Deleting a liver enzyme lowers the health risk of sweet treats (at least in mice)

October 24, 2019

Tsukuba, Japan - Excessive sugar and fat in the diet can lead to hepatic (liver) insulin resistance. Often seen in people who are obese, hepatic insulin resistance leads to unhealthy levels of fatty lipids in the liver and is a risk factor for serious illnesses like type 2 diabetes and cardiovascular disease. Researchers at the University of Tsukuba are attempting to unravel the complicated physiology of insulin resistance, and in a new study published in Hepatology, they show how one gene can have a major impact on insulin resistance in the liver.

A therapy that prevents hepatic insulin resistance would go a long way toward addressing the many health issues stemming from the rise in obesity worldwide. Such a therapy does not yet exist, largely because the links between diet and liver physiology are poorly understood.

Hitoshi Shimano, corresponding author of the study and head of the Department of Metabolism and Endocrinology at the University of Tsukuba Hospital, has spent many years unpacking the mechanisms of lipid metabolism. Several years back, his research team discovered that deleting a single gene--Elovl6, which codes for an enzyme that makes lipids--protects mice that are on a high-sugar, high-fat diet from developing insulin resistance.

"Our prior work showed that deleting the Elovl6 gene protects mice from several hallmark signs of diabetes, including insulin resistance," says Shimano. "However, this was done by removing the gene from every cell in the mouse body. We're now interested in understanding the role of Elovl6 in a more targeted setting, by deleting the gene specifically in liver and seeing its effect on insulin resistance in hepatic cells. This will give us a better picture of what's happening in the liver, which will aid downstream efforts to develop targeted therapies."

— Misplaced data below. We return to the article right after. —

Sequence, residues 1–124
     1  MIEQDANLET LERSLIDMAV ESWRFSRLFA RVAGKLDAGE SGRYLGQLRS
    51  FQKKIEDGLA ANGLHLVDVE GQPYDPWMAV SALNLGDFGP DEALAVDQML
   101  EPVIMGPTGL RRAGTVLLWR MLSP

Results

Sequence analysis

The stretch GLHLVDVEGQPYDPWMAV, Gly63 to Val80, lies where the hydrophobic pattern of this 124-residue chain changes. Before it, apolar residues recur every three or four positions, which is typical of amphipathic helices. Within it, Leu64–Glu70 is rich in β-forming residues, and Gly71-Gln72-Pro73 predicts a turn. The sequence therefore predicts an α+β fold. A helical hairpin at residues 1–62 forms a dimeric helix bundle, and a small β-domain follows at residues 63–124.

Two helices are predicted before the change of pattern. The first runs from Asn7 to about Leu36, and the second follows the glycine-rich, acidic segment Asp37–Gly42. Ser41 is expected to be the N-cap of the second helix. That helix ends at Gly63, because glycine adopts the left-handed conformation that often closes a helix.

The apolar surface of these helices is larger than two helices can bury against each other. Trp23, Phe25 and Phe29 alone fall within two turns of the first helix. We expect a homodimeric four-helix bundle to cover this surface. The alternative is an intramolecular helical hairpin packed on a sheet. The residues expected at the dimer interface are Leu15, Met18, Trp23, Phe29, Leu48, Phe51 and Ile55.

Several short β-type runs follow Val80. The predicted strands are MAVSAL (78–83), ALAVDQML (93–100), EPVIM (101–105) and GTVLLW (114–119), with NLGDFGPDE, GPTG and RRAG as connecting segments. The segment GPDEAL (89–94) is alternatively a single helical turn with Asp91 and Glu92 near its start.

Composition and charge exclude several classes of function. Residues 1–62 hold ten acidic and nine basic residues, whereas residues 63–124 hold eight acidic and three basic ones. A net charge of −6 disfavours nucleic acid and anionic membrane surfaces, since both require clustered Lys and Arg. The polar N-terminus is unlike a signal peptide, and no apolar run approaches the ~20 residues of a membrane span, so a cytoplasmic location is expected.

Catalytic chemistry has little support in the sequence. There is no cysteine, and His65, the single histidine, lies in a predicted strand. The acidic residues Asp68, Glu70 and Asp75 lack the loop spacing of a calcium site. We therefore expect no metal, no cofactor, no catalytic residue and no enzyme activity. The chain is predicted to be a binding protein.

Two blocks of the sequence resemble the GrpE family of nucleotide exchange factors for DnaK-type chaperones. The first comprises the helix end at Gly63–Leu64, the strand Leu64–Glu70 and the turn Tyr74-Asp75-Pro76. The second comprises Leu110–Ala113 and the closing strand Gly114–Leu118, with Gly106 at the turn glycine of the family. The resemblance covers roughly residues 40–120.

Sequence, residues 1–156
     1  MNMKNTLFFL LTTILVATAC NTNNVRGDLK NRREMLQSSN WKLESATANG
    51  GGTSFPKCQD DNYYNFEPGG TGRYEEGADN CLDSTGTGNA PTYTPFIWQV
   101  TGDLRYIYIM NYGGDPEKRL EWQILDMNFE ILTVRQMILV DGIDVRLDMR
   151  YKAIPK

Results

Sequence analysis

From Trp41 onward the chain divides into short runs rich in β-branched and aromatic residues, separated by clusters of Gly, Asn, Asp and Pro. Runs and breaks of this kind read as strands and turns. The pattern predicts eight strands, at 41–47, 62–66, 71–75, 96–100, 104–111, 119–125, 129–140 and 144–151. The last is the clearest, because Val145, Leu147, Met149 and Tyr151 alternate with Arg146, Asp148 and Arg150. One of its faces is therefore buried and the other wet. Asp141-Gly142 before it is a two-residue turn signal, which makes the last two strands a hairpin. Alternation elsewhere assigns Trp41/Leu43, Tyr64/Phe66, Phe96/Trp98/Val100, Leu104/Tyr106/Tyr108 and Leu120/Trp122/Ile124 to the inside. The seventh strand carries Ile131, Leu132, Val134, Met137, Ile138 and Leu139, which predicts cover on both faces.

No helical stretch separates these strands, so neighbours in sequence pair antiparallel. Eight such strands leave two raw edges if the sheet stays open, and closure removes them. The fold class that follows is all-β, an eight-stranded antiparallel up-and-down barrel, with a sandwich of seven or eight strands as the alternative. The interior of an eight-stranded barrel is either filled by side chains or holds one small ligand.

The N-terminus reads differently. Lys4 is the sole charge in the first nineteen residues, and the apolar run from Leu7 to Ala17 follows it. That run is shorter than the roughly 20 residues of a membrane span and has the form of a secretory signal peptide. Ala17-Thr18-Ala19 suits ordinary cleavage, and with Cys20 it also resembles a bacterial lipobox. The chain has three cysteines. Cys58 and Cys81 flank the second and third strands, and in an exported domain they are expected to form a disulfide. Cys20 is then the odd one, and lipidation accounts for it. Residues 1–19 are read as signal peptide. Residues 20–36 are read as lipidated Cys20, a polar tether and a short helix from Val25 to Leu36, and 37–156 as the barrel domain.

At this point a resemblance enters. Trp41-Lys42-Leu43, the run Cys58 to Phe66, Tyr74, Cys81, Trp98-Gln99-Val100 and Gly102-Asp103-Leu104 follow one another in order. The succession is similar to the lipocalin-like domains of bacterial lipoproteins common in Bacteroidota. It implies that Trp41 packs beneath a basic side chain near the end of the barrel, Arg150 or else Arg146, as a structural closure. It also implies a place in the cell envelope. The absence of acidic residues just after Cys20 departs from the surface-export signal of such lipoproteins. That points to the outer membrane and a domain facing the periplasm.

While the prospect of a targeted therapy for insulin resistance is tantalizing, the team's latest study shows that the story gets more complicated in the liver.

"We assumed that mice with a liver-targeted deletion of Elovl6 would be protected from hepatic insulin resistance," says Takashi Matsuzaka, professor of medicine at the University of Tsukuba and lead author of the study. "We instead found a more nuanced effect, in that only mice that were fed a high-sugar diet were protected. The deletion had no effect on mice that were given a high-fat diet."

What explains the selective impact of Elovl6 in the liver? After a great deal of molecular digging, the researchers uncovered a potential answer. They found that removing Elovl6 changes the balance of many lipids in the liver. Notably, they discovered that one lipid in particular--in a class of lipids called ceramides--was much higher in liver cells that were missing Elovl6. The team found that this ceramide sets off a cascade of molecular signals that protects mice from insulin resistance due to an excessively sweet diet.

"Although the mechanism is more complex than we initially predicted, the findings confirm our hypothesis that Elovl6 plays a critical role in hepatic insulin resistance," Shimano concludes. "Targeting Elovl6 is an effective method of protecting against insulin resistance, so we're hopeful that delineating the underlying molecular pathways of Elov6 will aid in the development of treatments for this condition."